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N.M. widow can seek workers comp death benefits despite late filing


The widow of a New Mexico police officer should be allowed to proceed with a late workers compensation claim because her husband's employer gave the false impression that it would handle the filing for her, the New Mexico Supreme Court has ruled.

Kevin Schultz, an officer for the Pojoaque Tribal Police Department, drowned in August 2002 while saving a 12-year-old boy from drowning in the Rio Grande River. Mr. Schultz was off duty and was chaperoning a church outing for school children at the time of his death, court records show.

Wife Cheryl Schultz filed for workers comp death benefits in October 2003 after the one-year statute of limitations had expired for Mr. Schultz's claim, records show. Mrs. Schultz argued that she filed late because members of the Pojoaque police department promised her in a July 2003 meeting that they would “take care of everything for her,” including filing for workers comp death benefits.

While the department requested federal death benefits on behalf of Mr. Schultz, it did not file a workers comp death benefits claim on Mrs. Schultz's behalf. Mrs. Schultz said she filed her comp claim after finding out that the department was not going to submit the paperwork.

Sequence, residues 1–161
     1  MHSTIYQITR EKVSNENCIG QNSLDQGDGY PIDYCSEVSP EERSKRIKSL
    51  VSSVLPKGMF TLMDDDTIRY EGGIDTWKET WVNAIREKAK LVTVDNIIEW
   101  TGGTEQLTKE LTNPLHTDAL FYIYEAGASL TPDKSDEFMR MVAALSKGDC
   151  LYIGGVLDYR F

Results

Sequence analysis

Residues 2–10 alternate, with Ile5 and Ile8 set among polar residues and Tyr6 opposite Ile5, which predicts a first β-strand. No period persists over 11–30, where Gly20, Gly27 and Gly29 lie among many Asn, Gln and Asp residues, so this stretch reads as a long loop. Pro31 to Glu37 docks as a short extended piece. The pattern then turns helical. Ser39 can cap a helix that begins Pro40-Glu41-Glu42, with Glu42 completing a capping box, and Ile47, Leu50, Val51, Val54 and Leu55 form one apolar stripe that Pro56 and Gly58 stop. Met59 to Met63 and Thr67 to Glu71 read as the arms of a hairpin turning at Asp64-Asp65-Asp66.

A workers comp judge denied Mrs. Schultz’s claim, partly because it was filed too late. The New Mexico Court of Appeals later affirmed that decision. The workers comp judge also found that Mr. Schultz’s death did not arise from his employment.

However, the New Mexico Supreme Court unanimously reversed that ruling last week. The state high court found that the one-year statute of limitations should not apply for Mrs. Schultz because the department had given her a reasonable expectation that it would file for workers comp death benefits, and she filed shortly after finding out that no filing had been submitted.

The court remanded the case to the New Mexico Court of Appeals to decide whether Mr. Schultz’s death arose out of his work.